Recently, I came across a book of poetry designed for book lovers. I Am the Book is a selection of poetry by several great writers all about books. The poems were selected by Lee Bennett Hopkins and illustrated by Yayo. There are books in every picture. What better for a book nerd than a book of poems entirely about books and the beauty of the written word.

This book was published in 2011 and contains thirteen poems written by thirteen different authors.

I love the poem by Karla Kuskin titled,

"Wonder Through the Pages."

So I picked out a book
on my own
from the shelf
and I started to read
on my own
to myself.
And nonsense and knowledge
came tumbling out,
whispering mysteries,
history's shout,
the wisdom of wizards,
the song of the ages,
all wonders of wandering
wonderful pages.

Each poem is different but all are about books, reading, or poetry. All of them touched me in some way and reminded of why I love to read. (As if I ever need reminding of why I love to read).

I would love to put together a poetry academy and use these for a poetry jam.

Do you have a favorite book of poetry?

Thursday, January 7, 2016

Throwback Thursday for Early Readers: The Monster in the Third Dresser Drawer by Janice Lee Smith

With a lexile measure of 690, this book is geared toward the very young proficient reader. If you have a child who reads above their age level but you want them to read a book about a child who is their age, this is the book. This would also be a good read aloud or read together if your child is between five and eight.

Published in 1981, Janice Lee Smith's The Monster in the Third Dresser Drawer and other stories about Adam Joshua, tells the story of Adam Joshua, a young boy just starting to lose his teeth. He has experiences that a child can relate to. He has to move from his town back to where his mother's family lives. He gets a new baby sister, and she has to share his room while her room is being made. She wakes him at night and gets into his toys. His old aunt comes to visit, and he is sure she hates him. He says she loves Amanda Jane (his baby sister) but hates him. He has a babysitter who has no clue how to get rid of the monster that lives in his third dresser drawer, so he is scared and gets in trouble for not staying in bed and going to sleep. His baby sister gets moved out of his room, and he worries that she will miss him.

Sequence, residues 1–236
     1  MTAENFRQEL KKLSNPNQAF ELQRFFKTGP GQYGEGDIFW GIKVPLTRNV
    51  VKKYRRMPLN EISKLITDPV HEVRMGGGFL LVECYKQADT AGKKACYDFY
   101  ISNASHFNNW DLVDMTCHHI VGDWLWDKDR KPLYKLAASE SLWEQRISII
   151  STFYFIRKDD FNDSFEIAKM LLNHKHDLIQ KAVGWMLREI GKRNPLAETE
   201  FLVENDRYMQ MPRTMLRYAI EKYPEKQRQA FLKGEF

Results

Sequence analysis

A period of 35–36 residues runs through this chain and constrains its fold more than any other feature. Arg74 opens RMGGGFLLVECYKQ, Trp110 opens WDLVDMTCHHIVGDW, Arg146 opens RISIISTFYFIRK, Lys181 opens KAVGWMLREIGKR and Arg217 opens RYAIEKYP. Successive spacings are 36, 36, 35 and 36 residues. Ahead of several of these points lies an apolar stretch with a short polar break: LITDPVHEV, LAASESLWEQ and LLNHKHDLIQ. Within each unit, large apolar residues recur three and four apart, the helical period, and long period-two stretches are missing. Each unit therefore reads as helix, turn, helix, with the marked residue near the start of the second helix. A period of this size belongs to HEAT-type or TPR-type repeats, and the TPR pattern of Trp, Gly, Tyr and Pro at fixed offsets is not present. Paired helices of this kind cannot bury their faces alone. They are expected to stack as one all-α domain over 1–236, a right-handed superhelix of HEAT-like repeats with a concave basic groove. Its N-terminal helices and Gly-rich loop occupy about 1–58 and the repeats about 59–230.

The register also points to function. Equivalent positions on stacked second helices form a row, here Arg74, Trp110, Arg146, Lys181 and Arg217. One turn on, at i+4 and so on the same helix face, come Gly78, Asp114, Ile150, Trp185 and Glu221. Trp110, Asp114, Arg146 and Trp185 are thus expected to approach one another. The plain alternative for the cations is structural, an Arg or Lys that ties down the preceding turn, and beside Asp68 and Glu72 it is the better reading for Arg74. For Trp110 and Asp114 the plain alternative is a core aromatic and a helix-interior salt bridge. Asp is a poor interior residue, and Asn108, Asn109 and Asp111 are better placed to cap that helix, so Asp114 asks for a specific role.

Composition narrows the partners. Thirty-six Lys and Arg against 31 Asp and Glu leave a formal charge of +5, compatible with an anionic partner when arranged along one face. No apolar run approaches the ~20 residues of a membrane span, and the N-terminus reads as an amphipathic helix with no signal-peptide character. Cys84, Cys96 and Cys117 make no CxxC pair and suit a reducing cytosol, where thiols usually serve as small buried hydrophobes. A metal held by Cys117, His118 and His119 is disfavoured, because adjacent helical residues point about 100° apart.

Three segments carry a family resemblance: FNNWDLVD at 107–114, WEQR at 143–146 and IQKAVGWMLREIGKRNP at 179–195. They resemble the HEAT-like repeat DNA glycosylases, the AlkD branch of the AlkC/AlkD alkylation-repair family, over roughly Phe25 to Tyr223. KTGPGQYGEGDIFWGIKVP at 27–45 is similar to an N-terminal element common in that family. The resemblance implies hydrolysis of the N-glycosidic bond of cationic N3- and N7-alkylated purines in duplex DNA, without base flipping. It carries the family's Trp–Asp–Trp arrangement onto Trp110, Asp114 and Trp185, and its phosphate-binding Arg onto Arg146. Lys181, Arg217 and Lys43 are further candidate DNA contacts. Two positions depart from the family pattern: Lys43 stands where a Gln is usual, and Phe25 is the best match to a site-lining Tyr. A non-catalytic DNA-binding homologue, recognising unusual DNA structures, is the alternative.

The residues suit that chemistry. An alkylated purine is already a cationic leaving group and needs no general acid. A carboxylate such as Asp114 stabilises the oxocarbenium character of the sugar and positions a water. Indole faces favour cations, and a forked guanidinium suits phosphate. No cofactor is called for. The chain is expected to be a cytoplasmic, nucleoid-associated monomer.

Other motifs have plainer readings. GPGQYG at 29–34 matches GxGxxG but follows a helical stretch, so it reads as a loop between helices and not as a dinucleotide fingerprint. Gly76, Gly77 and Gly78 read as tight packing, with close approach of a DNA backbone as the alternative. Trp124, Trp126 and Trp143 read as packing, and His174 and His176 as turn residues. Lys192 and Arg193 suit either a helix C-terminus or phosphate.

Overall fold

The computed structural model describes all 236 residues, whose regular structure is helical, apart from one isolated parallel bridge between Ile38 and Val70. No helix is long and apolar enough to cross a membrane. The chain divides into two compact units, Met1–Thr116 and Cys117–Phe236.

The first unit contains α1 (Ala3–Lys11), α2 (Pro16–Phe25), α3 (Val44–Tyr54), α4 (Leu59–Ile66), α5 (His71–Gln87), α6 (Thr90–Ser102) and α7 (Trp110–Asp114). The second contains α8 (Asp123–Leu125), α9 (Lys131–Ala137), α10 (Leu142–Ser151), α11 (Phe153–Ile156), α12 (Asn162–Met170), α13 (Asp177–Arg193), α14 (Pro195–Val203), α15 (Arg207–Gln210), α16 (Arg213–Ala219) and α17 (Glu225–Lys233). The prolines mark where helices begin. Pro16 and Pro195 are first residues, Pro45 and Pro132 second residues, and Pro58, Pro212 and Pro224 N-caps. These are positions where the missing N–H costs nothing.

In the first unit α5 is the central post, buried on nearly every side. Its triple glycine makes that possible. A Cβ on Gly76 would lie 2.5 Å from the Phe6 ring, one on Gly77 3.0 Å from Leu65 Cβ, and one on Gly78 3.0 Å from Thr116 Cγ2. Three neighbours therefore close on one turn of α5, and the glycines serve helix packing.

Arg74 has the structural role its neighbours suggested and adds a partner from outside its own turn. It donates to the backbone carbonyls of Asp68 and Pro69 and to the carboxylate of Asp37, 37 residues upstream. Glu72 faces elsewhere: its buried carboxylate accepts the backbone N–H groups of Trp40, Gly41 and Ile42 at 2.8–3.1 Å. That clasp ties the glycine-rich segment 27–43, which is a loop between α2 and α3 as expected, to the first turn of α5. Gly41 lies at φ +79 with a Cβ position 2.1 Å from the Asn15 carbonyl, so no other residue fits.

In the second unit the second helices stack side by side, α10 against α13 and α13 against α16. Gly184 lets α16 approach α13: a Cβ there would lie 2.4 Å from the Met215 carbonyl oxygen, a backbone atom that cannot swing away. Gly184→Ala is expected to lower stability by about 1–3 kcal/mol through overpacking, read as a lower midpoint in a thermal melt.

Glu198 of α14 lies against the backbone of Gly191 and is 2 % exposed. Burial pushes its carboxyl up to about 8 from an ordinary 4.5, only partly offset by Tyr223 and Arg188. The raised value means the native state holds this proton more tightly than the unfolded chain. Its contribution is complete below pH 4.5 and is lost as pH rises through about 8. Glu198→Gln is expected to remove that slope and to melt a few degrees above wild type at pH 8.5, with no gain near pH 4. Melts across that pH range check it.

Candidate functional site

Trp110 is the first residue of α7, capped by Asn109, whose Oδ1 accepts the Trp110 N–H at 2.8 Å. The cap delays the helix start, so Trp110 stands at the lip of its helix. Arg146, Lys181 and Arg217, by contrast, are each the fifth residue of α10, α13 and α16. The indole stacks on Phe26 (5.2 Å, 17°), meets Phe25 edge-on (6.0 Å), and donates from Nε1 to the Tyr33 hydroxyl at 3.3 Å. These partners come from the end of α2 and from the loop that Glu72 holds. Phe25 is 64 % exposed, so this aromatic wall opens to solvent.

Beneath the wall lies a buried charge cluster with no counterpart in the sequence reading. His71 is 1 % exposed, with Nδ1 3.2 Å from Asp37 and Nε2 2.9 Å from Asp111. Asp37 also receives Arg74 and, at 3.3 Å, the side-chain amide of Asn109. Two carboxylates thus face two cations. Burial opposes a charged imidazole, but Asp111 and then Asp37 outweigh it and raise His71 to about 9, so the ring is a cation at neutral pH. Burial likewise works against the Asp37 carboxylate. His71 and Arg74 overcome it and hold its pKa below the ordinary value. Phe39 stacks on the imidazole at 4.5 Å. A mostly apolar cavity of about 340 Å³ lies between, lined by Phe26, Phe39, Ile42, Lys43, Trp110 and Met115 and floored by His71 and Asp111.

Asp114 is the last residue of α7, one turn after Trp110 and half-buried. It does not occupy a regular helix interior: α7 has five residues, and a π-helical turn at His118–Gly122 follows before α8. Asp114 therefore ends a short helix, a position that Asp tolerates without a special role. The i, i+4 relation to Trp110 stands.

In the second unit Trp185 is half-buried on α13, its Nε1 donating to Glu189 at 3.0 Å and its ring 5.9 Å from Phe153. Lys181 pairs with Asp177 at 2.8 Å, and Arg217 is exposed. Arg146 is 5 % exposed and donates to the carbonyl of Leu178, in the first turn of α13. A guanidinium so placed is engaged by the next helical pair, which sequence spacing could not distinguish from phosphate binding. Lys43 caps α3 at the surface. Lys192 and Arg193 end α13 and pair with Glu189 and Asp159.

He is a fun little boy who makes mistakes, but he is a good little boy at heart. He draws pictures on his wall so his sister won't be scared when she wakes up. He cuts up her teddy bear because she cries at night and wakes him up. He hates to leave his friend from his old town, but he makes a new friend. He learns the value of an old aunt.

This is a charming small chapter book with darling illustrations by Dick Gackenbach.

What does your five to eight year old like to read?

Wednesday, January 6, 2016

More than Beautiful Art: Dad, Jackie, and Me by Myron Uhlberg and Colin Bootman

If you ever buy a picture book for the art, Dad, Jackie, and Me published in 2005 is a good candidate; however, this book is more than amazing art. This story is fiction, but the inspiration for the story came from author Myron Uhlberg's life. His father was deaf like the father in the story and together they followed Jackie Robinson's career. He said of his father, "In those days most people considered deaf children severely handicapped and thought teaching them sports a waste of time." (From the author's notes). His dad was unable to throw, catch, or hit a baseball.

The inside covers of the books are filled with photographs and real news articles about Jackie Robinson. Inside the book, you will find artwork by the talented Colin Bootman. Click on his name to see more of his artwork.

Here are some pictures from the book done in watercolors.

Front Cover:

I was sold on the art, but after I read the story, I liked the book even more. The story is told from the boy's point of view. His father is deaf and brings home tickets to see Jackie Robinson play. The dad wants to meet Jackie Robinson, but the boy doesn't see how that will work because Jackie doesn't know sign language.

The boy works with his dad to try to teach him how to catch a baseball, but his dad always drops the ball. At the games, his dad calls out to Jackie, "'Ah-Ghee, Ah-Ghee.' Everyone looked at my dad. I looked at my shoes."

The boy signs to his dad the bad things that people say to and about Jackie. He also tells about a player purposefully spiking Jackie's leg. This upsets his father. He tells that Jackie was always a gentleman and didn't rise to the bait of the mean people. At the end of the story, the boy's dad is able to catch a ball during one of the games.

I like how this book shows the resilience of people who society deemed as less than. This book is inclusive and shows by words and pictures that all people are valuable.

Do you have a favorite book artist?

Read to a child today, even if that child is you.

Tuesday, January 5, 2016

Teen Tuesday: Savvy by Ingrid Law

My granddaughter asked for Savvy by Ingrid Law for Christmas, so I bought one for her and one for me. I like to read what my kids read so we can book talk together.

In Mibs' family, your thirteenth birthday is one you probably should spend only with close family members because when they turn thirteen they get their savvy, which is a supernatural superpower. The problem is that you never know what your savvy will be until it unleashes on you and the world when you turn thirteen.